How to not let things bother you

July 28, 2016

Calm & Serene Me
The other day, a friend told me that I seem calm and unaffected by things.

I was not getting worked up about the pokemon craze, all the violence in the world, or even the political circus. He was impressed.

This was high praise, because there was a time when that’s all I did. Getting worked up over things I cannot control.

As we were talking, I wondered.
Had I become an amazingly serene yogi all of a sudden? Did my inner practice over the years pay off? Maybe I’m awesome now and I hadn’t noticed, my ego thought.

Then the real secret of my success dawned on me. And my ego got a bit deflated.

Before I get to that, I’ll tell you two stories.

Sarah Silverman
I once heard Sarah tell this story.

She was lamenting to her therapist. Every time she looks at the mirror, she notices the weight she needs to lose, or another imperfection. And that gets her more depressed. What can I do doc to be less depressed?

Her therapist, silent for a moment, replied:
“Well then Sarah, stop looking at mirrors!”

The solution took Sarah by surprise. Then she realized the beauty in it. And has gotten better at not looking at mirrors.

The Old Joke
This is like the old joke variation of a patient going to the doctor and complaining that every time he does something, he gets sick.

Let’s say every time he eats taco bell, he gets diarrhea.
What should I do, doc?

Stop eating taco bell!

My (not so) Secret:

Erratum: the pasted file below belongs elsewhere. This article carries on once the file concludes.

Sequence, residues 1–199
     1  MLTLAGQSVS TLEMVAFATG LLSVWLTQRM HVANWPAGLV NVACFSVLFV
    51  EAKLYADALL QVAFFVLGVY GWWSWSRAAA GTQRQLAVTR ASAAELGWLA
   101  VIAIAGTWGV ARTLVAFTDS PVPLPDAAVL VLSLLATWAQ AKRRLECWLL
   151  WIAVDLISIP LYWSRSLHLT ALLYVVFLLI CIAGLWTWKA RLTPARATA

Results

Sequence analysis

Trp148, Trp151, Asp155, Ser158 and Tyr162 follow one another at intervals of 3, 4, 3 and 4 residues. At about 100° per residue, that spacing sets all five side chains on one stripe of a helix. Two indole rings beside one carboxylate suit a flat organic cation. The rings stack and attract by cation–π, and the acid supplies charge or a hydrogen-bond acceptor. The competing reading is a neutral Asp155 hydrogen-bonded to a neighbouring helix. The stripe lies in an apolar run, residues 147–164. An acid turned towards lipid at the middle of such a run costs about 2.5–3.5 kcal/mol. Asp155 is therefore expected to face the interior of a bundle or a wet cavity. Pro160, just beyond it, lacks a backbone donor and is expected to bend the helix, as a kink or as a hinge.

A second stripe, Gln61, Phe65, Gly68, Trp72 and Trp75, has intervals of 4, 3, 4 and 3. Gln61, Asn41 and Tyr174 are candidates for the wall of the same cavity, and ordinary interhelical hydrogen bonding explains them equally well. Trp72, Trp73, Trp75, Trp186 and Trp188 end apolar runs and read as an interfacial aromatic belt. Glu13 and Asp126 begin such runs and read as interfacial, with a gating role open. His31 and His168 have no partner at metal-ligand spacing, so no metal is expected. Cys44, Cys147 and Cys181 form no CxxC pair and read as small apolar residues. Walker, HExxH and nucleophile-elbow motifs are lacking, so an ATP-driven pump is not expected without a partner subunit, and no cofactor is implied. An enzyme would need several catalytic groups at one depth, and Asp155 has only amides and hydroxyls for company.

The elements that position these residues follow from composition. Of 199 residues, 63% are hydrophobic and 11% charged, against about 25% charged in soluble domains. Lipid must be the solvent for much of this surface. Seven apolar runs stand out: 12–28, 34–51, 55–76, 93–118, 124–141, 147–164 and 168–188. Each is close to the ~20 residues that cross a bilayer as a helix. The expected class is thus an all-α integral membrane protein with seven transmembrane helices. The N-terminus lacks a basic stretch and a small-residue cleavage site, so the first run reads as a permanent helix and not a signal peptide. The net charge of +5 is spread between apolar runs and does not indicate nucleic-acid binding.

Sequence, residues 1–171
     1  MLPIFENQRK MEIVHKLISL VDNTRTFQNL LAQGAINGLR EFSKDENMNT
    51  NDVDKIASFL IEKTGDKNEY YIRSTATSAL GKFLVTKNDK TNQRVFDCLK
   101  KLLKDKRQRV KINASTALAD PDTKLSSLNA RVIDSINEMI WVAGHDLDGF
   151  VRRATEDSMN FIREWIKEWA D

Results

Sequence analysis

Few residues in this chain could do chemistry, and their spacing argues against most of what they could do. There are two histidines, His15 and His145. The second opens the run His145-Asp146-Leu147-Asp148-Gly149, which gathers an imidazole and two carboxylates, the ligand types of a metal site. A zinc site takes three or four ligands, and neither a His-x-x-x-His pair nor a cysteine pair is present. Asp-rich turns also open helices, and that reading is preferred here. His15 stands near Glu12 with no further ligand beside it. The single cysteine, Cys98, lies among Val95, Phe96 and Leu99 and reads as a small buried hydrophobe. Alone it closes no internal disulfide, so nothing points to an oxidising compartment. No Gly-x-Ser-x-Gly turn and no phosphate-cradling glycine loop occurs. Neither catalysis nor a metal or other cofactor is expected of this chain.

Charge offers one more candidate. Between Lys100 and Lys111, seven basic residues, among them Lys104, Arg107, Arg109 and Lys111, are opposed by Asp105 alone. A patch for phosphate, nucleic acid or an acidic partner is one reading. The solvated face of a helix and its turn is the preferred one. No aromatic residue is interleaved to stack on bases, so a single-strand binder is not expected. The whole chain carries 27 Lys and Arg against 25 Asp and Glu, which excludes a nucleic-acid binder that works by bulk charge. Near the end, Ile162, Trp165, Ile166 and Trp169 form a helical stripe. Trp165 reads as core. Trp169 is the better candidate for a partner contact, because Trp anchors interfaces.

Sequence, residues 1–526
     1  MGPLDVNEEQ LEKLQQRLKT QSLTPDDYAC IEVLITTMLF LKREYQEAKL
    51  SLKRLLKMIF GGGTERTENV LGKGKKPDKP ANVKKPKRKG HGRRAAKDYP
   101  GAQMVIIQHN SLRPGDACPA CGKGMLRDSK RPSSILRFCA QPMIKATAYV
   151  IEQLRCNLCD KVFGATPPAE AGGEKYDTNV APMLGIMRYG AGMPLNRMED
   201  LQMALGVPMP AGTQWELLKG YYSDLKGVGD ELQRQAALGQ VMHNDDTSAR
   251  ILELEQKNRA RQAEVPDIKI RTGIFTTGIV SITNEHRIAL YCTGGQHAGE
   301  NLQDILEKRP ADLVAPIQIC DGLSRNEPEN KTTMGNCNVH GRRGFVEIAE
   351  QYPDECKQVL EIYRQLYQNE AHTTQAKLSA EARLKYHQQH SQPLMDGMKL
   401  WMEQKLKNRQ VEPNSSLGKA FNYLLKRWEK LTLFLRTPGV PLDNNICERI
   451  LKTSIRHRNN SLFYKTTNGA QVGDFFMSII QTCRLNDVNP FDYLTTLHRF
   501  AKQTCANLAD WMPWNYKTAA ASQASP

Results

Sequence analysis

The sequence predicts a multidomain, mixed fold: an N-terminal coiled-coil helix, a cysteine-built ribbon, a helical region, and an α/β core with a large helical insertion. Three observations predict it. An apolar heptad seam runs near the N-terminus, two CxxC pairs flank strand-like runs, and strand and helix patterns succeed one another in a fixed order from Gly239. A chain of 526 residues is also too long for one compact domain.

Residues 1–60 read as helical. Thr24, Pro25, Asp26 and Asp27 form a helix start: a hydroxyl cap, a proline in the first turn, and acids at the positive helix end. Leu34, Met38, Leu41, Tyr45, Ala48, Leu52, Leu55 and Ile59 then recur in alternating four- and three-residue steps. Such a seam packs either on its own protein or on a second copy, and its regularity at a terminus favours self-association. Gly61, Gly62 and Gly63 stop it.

I’m sure you know the punchline.
I stopped ingesting things that make me sick.

Blocked addictive news sites through my router.
So I can no longer access yahoo homepage, huffpost, tmz, and others through my laptop or phone.

Stopped watching television.
This means no commercials, tempting me to buy or try things I don’t need. No local or 24hr cable news. And it prevents me from channel surfing, accidentally ingesting something I don’t need.

I no longer visit the main youtube page, full of highly tempting popular videos, but rather have a bookmark that leads me straight to my subscription page.

Turn off the volume on my laptop & do something else when a youtube, hulu, or other site plays ads before a video loads. Use adblock to not see ads anywhere.

Wearing headphones in the house when others are watching news in the main room.

Even still, a lot of news leaks to me via family, friends, or things I subscribe to. But hearing it second hand is much easier to handle than watching highly charged graphics & video.

To cut bad habits, I have a few tools.
I’ll write a blog post about it, convincing you not to do that. And somehow I become convinced as well. This is the best method. It’s the learn, do, teach model.

For example, if I want to stop surfing addictive news sites, I’ll read all about how news negatively affects us. How it plays on our fear and hijacks the amygdala. Blah blah blah. I’ll find successful people who also don’t watch tv or the news. This gives me rolemodels to emulate.

Then I’ll write notes to myself recapping the reasons to why watching the news negatively impacts my mood. How being in a positive mood is vital for my success. I’ll also make it harder for me to access the offending sites by blocking them. Once I get a handle on that, I’ll write a blog post convincing you of the same. By this time, that habit likely will have withered away.

If the habit is particularly hard to kill, like a stubborn weed, I’ll use other tools.

Like EFT. Or write to myself in a journal. I’ll ask my inner self, higher self, subconscious self, ego self, and all the other selves to work together. Sometimes I’ll turn to hypnosis or affirmations. Write reminders to myself on my calendar or phone where I’ll see it every day. If things are worse than I can handle, I’ll ask for divine assistance. Whatever it takes.

My main task is to be the best version of me I can be.
Only work on things I can control and ignore the rest.